Biological control agents were tried with mixed results. Bacillus such as Bacillus Thuringiensis can be used to spray certain plants that are susceptible to insect infestation. As biopesticides, fungal control agents represent another promising class of insect pathogens. The development of these fungal control agents has been hampered by their limited availability, ineffective delivery systems, cost and reliability. The host range and specificity have been both a problem and an advantage. A fungal pathogen which is pathogenic and virulent to one insect species can be ineffective on other insects, even those closely related. “However, some success has already been demonstrated.
The typical life cycle of the entomopathogenic fungi (which can cause insect disease) is believed to include adhesion of spores to the insect’s cuticle, spore germinating, penetration of cuticle before growth in hemocoel occurs, death, saprophytic eating, hyphals re-emerging and sporulation. U.S. Pat. No. No. The compositions of Beauveria basseiana spores in dry powder and Beauveria basseiana spores/mycelium for the control of cockroaches, including fire ants, carpenter ants and pharaohs ants are disclosed. U.S. Pat. No. Beauveria basseiana is disclosed in Stimac’s 4,925,663 (90), which was filed to Stimac. Beauveria Bassiana can be used to control Solenopsis fire ants. The mixture of rice, mycelia, and spores can be used to control fire ants (Solenopsis) or as bait, and then carried into the nest. U.S. Pat. No. No. The patent discloses conidial controls of cockroaches and carpenter ants as well as pharaohs ants by using Beauveria basseiana strains grown on rice. U.S. Pat. No. 5,413,784 (1995) to Wright et al. The disclosures are compositions and methods for the control of boll weevils (sweet potato whiteflies), cotton fleahoppers and sweet potato whiteflies using Beauveria basseiana and Paecilomyces fumosoroseus. U.S. Pat. No. 5,728,573 (1998) to Sugiura et al. The patent discloses entomogenous termiticides such as Metarhizium anisopliae, Verticillium amorpha and Beauveria lecanii, as well as germinated and rested spores. U.S. Pat. Nos. Nos. The disclosures include conidial formulations for Beauveria, and methods to control insects of the grasshoppers family. U.S. Pat. No. No. Paecilomyces fungus can also be used to control Dipteral, Hymenoptera and Lepidoptera. U.S. Pat. No. Eyal and others received No. The disclosure reveals prilled Paecilomyces fumosoroseus compositions that use mycelium produced via submerged fermentation in order to produce conidia for controlling various insects, including whiteflies and mosquitoes. U.S. Pat. No. Howell disclosed in 5,165,929 to Howell (1992) the use of Rhizopus Nigricans and other fungus from the order Mucorales for fungal ant killing. U.S. Pat. No. No. 5,989898 (1999), to Jin et. This patent is directed at packaged conidia of fungi, namely Metarhizium or Beauveria. “The scientific literature also discusses the similar use of conidial formulations.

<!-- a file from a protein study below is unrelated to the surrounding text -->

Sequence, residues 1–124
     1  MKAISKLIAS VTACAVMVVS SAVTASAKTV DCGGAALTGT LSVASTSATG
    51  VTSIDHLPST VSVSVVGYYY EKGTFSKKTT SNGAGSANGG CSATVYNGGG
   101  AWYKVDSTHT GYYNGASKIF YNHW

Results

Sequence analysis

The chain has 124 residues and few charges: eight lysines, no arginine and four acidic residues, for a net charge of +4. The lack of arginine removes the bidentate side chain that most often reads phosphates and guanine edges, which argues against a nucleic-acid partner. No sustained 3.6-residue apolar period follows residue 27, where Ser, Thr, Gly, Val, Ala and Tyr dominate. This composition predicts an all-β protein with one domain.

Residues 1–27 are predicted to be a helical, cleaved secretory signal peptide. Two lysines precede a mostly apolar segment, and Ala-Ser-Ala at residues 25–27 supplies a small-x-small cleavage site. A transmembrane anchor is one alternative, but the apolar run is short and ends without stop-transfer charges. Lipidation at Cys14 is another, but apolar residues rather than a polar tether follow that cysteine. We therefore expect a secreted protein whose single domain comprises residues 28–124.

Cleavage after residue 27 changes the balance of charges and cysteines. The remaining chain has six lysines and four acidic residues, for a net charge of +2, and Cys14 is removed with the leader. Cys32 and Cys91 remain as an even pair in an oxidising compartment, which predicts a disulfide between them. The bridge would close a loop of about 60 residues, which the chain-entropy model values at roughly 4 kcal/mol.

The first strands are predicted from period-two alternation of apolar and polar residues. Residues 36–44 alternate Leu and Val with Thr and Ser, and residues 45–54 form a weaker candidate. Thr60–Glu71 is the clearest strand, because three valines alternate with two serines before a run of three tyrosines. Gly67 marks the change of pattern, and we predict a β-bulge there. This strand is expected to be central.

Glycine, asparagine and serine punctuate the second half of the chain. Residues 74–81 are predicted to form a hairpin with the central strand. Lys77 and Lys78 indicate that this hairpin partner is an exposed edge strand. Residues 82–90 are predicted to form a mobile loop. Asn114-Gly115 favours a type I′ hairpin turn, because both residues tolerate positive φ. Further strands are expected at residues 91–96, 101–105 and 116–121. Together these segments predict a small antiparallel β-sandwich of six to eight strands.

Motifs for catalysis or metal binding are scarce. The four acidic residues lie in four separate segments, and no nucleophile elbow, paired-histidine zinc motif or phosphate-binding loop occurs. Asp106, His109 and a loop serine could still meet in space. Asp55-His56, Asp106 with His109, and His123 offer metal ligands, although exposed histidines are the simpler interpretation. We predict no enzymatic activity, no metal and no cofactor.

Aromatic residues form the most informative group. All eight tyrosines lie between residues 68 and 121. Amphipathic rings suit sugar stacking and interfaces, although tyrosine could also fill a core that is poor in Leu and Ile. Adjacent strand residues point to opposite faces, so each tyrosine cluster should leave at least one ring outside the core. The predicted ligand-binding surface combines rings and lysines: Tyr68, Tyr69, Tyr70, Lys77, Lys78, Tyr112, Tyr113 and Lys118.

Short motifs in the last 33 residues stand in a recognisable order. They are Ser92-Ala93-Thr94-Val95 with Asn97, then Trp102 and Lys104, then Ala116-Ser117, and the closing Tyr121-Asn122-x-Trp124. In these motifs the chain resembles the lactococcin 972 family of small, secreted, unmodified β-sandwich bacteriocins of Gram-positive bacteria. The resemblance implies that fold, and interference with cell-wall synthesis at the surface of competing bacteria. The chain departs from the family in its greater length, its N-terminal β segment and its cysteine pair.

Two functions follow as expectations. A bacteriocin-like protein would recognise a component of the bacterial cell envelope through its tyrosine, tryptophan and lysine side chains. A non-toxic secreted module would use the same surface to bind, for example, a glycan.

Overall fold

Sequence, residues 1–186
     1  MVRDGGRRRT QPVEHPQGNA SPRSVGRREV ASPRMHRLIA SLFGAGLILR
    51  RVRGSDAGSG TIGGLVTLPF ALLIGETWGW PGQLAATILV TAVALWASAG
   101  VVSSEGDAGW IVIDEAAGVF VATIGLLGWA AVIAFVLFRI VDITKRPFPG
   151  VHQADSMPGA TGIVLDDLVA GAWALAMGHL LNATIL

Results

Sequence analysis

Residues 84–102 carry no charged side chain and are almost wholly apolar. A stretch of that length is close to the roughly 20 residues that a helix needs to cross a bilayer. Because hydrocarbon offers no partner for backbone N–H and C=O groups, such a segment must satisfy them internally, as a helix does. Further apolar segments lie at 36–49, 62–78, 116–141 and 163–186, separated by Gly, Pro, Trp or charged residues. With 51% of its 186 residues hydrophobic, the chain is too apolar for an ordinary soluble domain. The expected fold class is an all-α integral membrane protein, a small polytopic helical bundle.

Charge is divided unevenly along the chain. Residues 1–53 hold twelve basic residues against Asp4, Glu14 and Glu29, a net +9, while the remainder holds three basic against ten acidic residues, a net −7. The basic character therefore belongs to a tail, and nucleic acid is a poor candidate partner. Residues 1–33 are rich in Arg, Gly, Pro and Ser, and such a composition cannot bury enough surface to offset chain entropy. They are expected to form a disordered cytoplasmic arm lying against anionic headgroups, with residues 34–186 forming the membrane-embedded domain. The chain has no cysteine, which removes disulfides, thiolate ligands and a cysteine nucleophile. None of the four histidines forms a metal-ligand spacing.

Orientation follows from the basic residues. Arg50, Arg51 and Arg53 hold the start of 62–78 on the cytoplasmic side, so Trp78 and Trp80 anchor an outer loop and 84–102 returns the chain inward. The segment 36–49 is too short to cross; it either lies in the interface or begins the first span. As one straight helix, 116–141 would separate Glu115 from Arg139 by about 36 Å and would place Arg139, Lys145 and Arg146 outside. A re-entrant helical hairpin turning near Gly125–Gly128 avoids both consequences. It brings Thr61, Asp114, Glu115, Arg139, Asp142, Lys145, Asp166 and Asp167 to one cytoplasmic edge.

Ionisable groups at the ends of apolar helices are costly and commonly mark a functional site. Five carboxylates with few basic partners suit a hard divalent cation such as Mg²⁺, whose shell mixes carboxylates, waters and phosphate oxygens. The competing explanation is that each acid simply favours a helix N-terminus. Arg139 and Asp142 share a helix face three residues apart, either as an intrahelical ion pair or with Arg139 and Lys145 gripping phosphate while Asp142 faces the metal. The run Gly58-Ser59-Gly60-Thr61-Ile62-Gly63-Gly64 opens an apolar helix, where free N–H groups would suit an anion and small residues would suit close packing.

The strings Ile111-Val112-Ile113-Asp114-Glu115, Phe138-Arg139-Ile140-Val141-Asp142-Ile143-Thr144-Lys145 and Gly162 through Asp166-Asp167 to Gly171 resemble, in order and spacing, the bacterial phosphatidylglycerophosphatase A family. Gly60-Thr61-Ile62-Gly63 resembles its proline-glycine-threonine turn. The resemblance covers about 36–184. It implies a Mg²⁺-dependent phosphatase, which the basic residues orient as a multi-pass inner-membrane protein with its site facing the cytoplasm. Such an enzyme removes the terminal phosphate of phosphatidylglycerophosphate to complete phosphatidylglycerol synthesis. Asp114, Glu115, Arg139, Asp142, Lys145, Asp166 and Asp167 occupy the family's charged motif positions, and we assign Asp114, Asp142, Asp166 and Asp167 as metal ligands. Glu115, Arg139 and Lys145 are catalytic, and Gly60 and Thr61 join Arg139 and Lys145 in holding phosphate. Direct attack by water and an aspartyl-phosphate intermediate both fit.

The fungal life cycle may be sensitive to humidity, moisture, and water availability, especially during the stages after the death of the insect.
The U.S. Patent reveals a particular disadvantage of conidial preparations. No. 5,595,746 (1997) to Milner et al. Metarhizium anisopliae conidia are used as a repellant for termites in non-infested zones and as a control method for termites in infested zones. Conidia or conidia/mycelium can be used as baits and/or as contact insecticides, but the difficulties are evident when conidia is effective in repelling termites. It is obvious that a repellant does not make it easier to use as a contact or bait insecticide. It may explain why fungal insects are more effective in laboratories, where conidia can be present in the test chamber, or directly applied to insects.
U.S. Pat. No. Kern’s 5,888,989 (1998) discloses synergistic combination of conidia from entomopathogenic mushrooms such as Beauveria or Metarhizium, with insect compositions like silafluofen, etofenprox and imidacloprid. Also, carbamates, such as fenoxycarb, and phenylpyrazoles, such as fipronil, are disclosed. The repellency and use of conidia to transmit infection are still problems.
In laboratory and field testing, certain sexually reproducing brown rot fungi, such as Lenzites Trabea, dry rot and other fungi have been shown to influence termite behavior, showing attractant properties and eliciting trails-following. U.S. Patent. No. D’Orazio received 4,363,798 in 1982 for termite lures that used brown rot fungus mixed with toxic boron compounds as an attractant. U.S. Patent shows that the brown-rot fungus Lentinus lentinus and its aqueous extracts are extremely toxic to termites. No. No. Gloephyllum Trabeum, Oligoporous Balsameus, and Serpula Lacrimans are all known to produce substances in the lab that cause Rhinotermitidae to follow a trail. The sexually reproducing Zygomycetes Micromucor Ramannianus, as well as other fungi living with Reticulitermes, have been shown to produce phagostimulatory effects (feeding stimulation) and phagodeterrent. U.S. Pat. No. No. “However, it remains a requirement for improved pesticides and fungal attractants.